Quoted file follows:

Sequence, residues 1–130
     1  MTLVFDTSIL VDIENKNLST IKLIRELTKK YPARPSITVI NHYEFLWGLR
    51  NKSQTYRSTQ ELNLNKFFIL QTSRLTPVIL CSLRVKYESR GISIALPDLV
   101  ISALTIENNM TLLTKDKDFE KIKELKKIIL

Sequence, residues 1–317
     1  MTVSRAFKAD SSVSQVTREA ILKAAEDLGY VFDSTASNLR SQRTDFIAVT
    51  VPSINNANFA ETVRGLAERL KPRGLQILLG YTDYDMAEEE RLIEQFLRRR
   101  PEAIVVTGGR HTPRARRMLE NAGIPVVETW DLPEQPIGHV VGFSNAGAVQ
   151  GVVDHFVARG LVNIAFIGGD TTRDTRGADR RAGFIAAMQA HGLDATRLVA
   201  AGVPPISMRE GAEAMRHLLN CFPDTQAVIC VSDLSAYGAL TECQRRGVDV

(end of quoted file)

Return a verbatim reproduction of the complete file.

Sequence, residues 1–130
     1  MTLVFDTSIL VDIENKNLST IKLIRELTKK YPARPSITVI NHYEFLWGLR
    51  NKSQTYRSTQ ELNLNKFFIL QTSRLTPVIL CSLRVKYESR GISIALPDLV
   101  ISALTIENNM TLLTKDKDFE KIKELKKIIL

Sequence, residues 1–317
     1  MTVSRAFKAD SSVSQVTREA ILKAAEDLGY VFDSTASNLR SQRTDFIAVT
    51  VPSINNANFA ETVRGLAERL KPRGLQILLG YTDYDMAEEE RLIEQFLRRR
   101  PEAIVVTGGR HTPRARRMLE NAGIPVVETW DLPEQPIGHV VGFSNAGAVQ
   151  GVVDHFVARG LVNIAFIGGD TTRDTRGADR RAGFIAAMQA HGLDATRLVA
   201  AGVPPISMRE GAEAMRHLLN CFPDTQAVIC VSDLSAYGAL TECQRRGVDV